No matter how different observers have reacted to the massive dumping of classified documents by WikiLeaks on Sunday, one of the themes garnering the most attention was that of connections between the Taliban, al Qaeda, and Pakistan’s powerful Inter Services Intelligence (ISI). As many have pointed out since Sunday evening this is hardly news (though The Atlantic’s James Fallows argues that, in fact, it is), it is startling to see primary source accounts of possible meetings and even operational planning and coordination between our ostensible ally and our enemies in South Asia.
Still, for the moment commentary from Pakistan has been limited, and nuanced interpretations of the data even more limited. One exception to this is Pakistani blogger Mosharraf Zaidi, who often provides a refreshingly honest, intelligent foil to much of the reporting on Pakistani issues in the Western press. Zaidi has an interesting take on what WikiLeaks does and does not reveal about Pakistan. This section in particular stood out to me:
Virtually no serious commentator or analyst anywhere, even those embedded deep in the armpit of the Pakistani establishment, claims that the Pakistani state was not instrumental in the creation, training and sustenance of the Taliban movement in Afghanistan. Given the nature of the relationship between the Pakistani state and the Afghan Taliban, one that goes right to the genetic core of the Taliban, it is hard to imagine that all ties can ever be severed. Again, for serious people, this is an issue that is done and dusted. Pakistan’s state, and indeed, its society, had, has and will continue to have linkages with the Afghan Taliban. Moral judgments about these linkages are external to this fact.
These linkages do, however, deserve the scrutiny of the Pakistani parliament. If somehow, Pakistanis are involved in supporting any kind of violence against anyone, that kind of support had better be couched in a clear national security framework that articulates why it is okay for Pakistanis to underwrite such violence. Absent such a framework, the violence is illegal, and the space for speculation and innuendo about Pakistan is virtually infinite. It is that space that Pakistan’s fiercest critics exploit when they generate massive headlines out of small nuggets of insignificant and stale information that implicates Pakistan in anti-US violence in Afghanistan (among other things).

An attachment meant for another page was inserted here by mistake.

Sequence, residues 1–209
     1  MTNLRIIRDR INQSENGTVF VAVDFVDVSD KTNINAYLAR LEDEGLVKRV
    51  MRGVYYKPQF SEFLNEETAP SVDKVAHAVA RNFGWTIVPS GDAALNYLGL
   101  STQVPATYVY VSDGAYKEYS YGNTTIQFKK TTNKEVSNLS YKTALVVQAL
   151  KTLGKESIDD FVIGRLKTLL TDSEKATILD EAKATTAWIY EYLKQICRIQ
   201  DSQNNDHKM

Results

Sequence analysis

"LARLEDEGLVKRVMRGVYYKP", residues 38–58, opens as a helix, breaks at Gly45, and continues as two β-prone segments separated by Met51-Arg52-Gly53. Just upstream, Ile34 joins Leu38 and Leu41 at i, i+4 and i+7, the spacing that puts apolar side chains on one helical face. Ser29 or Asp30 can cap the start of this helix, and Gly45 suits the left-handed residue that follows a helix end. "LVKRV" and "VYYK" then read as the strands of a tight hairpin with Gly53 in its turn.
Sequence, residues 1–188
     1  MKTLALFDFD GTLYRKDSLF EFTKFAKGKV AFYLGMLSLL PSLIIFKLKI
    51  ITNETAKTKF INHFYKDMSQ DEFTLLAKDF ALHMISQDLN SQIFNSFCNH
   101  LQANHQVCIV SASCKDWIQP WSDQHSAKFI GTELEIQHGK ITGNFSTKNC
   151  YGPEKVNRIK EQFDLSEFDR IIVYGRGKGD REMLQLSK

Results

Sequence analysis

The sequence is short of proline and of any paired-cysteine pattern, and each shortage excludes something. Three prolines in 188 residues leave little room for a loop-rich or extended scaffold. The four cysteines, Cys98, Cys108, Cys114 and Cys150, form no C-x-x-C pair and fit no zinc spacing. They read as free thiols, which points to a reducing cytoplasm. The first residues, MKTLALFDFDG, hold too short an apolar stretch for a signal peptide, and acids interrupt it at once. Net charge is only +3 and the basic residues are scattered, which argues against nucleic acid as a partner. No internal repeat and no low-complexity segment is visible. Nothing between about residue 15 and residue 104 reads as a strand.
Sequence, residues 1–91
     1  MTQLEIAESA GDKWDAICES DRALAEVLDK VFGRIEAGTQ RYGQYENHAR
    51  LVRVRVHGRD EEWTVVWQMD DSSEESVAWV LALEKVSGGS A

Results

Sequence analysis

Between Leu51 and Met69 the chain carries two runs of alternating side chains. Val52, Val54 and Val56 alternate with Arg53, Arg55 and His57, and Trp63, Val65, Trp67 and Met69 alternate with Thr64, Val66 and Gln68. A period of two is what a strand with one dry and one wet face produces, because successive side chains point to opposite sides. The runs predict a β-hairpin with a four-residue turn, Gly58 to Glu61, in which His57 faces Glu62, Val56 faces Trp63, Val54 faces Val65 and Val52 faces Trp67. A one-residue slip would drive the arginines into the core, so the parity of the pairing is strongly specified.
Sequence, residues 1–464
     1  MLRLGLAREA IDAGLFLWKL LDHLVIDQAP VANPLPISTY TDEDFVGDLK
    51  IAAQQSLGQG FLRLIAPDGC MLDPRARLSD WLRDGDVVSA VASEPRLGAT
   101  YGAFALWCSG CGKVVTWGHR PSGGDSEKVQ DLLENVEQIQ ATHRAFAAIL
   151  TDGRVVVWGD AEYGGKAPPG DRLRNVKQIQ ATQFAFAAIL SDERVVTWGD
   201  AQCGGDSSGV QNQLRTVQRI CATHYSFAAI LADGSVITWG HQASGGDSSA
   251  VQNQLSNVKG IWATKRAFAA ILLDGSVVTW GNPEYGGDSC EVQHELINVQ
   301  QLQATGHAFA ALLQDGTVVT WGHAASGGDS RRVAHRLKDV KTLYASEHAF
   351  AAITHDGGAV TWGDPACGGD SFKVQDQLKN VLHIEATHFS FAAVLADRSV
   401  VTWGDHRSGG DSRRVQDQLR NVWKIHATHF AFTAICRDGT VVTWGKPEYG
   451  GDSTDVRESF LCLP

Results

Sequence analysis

This kind of statement has real policy consequences for the United States, and reinforces the need to understand the Pakistani government’s attitude towards extremist groups and their utility. But it is equally necessary to understand the attitudes of average Pakistanis towards extremism, violence, how their government behaves, and even who Pakistanis perceive to be their real friends and adversaries. This kind of knowledge can inform our approach to Pakistan and South Asia as a whole, from how we deploy our military, to how we give aid, and how we communicate our policies to Pakistanis.
On Thursday July 29, the New America Foundation will host the public launch of the Pew Research Center’s new Global Attitudes Project poll of Pakistani attitudes towards a wide variety of issues. The data will be presented by Pew Research Center President Andrew Kohut, with a discussion to follow between Kohut and New America Foundation President Steve Coll. If you are in Washington and would like to attend, please RSVP here. The event will also be livestreamed here at The Washington Note.
— Andrew Lebovich